Date: 9 Aug 2018 22:18:07 -0500
From: "Dave Garland" <email@example.com>
Subject: Re: New Jersey gets new area code
On 8/6/2018 12:25 PM, HAncock4 wrote:
> Fast forward to today, it seems most callers have cell phones which
> require ten digit dialing and also have speed call, so the ten digit
> dialing is not a burden.
My cell phones don't require 10 digit dialing. Same with my VoIP,
though I have no way to know what happens once the dialing gets on the
other side of the VoIP server.
But we don't have overlays. I believe whether 10 are required or not
depends on your state's PUC. If there are overlays, there will be a
lot of political pressure (from the "new" LEC) to require 10 for all
calls so they won't be at a disadvantage.
Date: Fri, 10 Aug 2018 14:19:28 -0400
From: Bill Horne <bill@horneQRM.net>
Subject: Who owns a consumers TCPA consent?
I'm here at Innovista Law, home of the TCPA Defense Force. I'm sitting
with TCPA Attorney David Carter. So one of the questions we get asked,
David, is, first of all, in text message marketing you have to get
consent to text message your customers. Now what happens if that
business wants to maybe sell that list of phone numbers or the
business goes out of business or maybe somebody acquires that
business? What happens to the consent from those consumers and kinda
what are the legalities around that I guess under the Telephone
Consumer Protection Act?
(Remove QRM from my email address to write to me directly)
Date: 8 Aug 2018 00:17:57 -0400
From: "danny burstein" <firstname.lastname@example.org>
Subject: NJ Court to fone spammers: lawsuit against you continues
Judge Won't Put Marketing Call Suits on Hold for Pending FCC Rules
By Charles Toutant August 06, 2018 at 04:09 PM
A federal judge in Camden has ruled that two Telephone Consumer Protection
Act suits against Freedom Mortgage Corp. should not be stayed while the
Federal Communications Commission develops guidance on what constitutes an
automated telephone dialing system under the statute.
The plaintiffs in the pair of cases have plausibly alleged that Freedom
contacted them on their mobile phones, U.S. District Judge Jerome Simandle
of the District of New Jersey said in his Aug. 2 rulings denying the
defendant's motions to dismiss.
rest (subscription required):
However, it seems there might be a copy on my virtual
and very messy desktop:
Knowledge may be power, but communications is the key
[to foil spammers, my address has been double rot-13 encoded]
Date: 6 Aug 2018 10:33:33 -0700
From: HAncock4 <email@example.com>
Subject: Re: $50 a month for 1Mbps: How AT&T and Verizon rip off DSL
On Monday, August 6, 2018 at 11:58:15 AM UTC-4, Bill Horne wrote:
> AT&T and Verizon force copper customers to pay fiber-level prices.
> By Jon Brodkin
> Tens of millions of people in the AT&T and Verizon service territories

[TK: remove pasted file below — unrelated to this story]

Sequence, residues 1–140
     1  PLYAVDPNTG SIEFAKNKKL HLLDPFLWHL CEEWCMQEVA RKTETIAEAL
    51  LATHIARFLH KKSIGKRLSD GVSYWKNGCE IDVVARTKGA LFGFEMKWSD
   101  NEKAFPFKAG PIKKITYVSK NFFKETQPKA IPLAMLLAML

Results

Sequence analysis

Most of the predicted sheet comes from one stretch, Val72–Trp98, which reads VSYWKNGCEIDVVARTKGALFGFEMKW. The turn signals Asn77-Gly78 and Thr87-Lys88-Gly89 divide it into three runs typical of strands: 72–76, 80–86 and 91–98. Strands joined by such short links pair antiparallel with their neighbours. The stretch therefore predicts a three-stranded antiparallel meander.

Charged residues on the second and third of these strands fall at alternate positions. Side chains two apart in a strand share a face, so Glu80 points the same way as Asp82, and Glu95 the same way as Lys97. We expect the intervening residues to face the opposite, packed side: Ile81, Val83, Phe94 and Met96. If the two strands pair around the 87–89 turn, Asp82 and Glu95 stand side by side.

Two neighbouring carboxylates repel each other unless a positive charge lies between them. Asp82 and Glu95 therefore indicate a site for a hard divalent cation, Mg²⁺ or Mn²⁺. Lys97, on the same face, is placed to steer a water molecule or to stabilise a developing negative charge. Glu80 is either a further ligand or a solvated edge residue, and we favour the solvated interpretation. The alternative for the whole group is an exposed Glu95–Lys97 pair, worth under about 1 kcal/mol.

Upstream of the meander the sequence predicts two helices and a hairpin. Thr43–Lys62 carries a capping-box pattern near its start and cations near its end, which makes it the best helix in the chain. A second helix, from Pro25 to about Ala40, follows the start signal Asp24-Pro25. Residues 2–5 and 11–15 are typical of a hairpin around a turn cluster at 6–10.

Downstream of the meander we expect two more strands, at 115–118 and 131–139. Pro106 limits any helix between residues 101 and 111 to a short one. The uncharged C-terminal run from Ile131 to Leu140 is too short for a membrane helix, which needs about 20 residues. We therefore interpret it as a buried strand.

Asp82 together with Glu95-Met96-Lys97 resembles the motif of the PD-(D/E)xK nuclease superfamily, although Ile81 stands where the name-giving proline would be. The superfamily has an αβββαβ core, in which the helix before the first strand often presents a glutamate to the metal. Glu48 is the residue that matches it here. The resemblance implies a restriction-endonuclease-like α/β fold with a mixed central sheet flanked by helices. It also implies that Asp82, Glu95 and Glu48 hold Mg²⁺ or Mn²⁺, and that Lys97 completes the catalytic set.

> can only buy slow DSL Internet from the companies, yet they often have
> to pay the same price as fiber customers who get some of the fastest
> broadband speeds in the US.
> That's the conclusion of a new white paper written by the National
> Digital Inclusion Alliance (NDIA), a broadband advocacy group.
What is today's Verizon policy toward FIOS? There are lots of people
who want it but can't get it.
I do know Verizon can be heavy handed about implementing FIOS in a
housing development. For instance, most modern developments have
underground utility line distribution. But Vz won't do that for FIOS
and insists on mounting rather ugly distribution junction boxes. I
don't know why they're so hard-headed about this, since developments
are telling Vz to take a hike and using inferior cable-TV provided
Also, I know people with FIOS who are frustrated with the limited time
the backup batteries last in a power failure.
Date: 7 Aug 2018 23:51:29 -0500
From: "Neal McLain" <firstname.lastname@example.org>
Subject: Re: New Jersey gets new area code
David Lesher <email@example.com> wrote;
> Subject: New Jersey gets new area code
> Naveen Albert <firstname.lastname@example.org> asked:
> > Why do telcos insist on doing overlays? They sound like
> > such a pain.
> I vigorously disagree.
> Unlike a split, with an overlay no one has to surrender their
> number for a new one. They keep it, period.
> With a split, the border is often politically contentious.
> Making splits requires predicting which parts will grow faster,
> and which slower. Otherwise you soon split again.
Indeed. As I have noted before, splits don't solve the problem;
the just beget more splits.
The extreme case is the Vero Beach/Fort Pierce/Port St. Lucie area in
Florida. That area code has had four area codes:
305 Original area code assigned to the entire state.
407 Split from 305 in 1988
561 Split from 407 in 1997
772 Split from 561 in 2002
If the Florida Public Service Commission had opted for overlays the
citizens of Vero Beach would not have had to deal with three area code
changes. They might have had three overlaid area codes but nobody's
number would have been changed.
Four places in North America now have four overlaid area codes: New
York City, Atlanta metro area, Houston metro area, and the entire
Province of British Columbia.
New York actually has seven area codes:
-- Manhattan: 212, 332, 646, 917.
-- Outer Boroughs: 347, 718, 917, 929.
But note that 917 covers all five boroughs. So maybe New York doesn't
have four overlaid area codes -- just 3.5 overlays.
Just think what a mess Atlanta and Houston would be if the Florida PSC
and the Texas PUC had opted for splits. Cut up like a pie? Or a
donut inside a donut inside a donut inside a donut? Or gerrymandered
like Chicago and Los Angeles?
End of telecom Digest Sat, 11 Aug 2018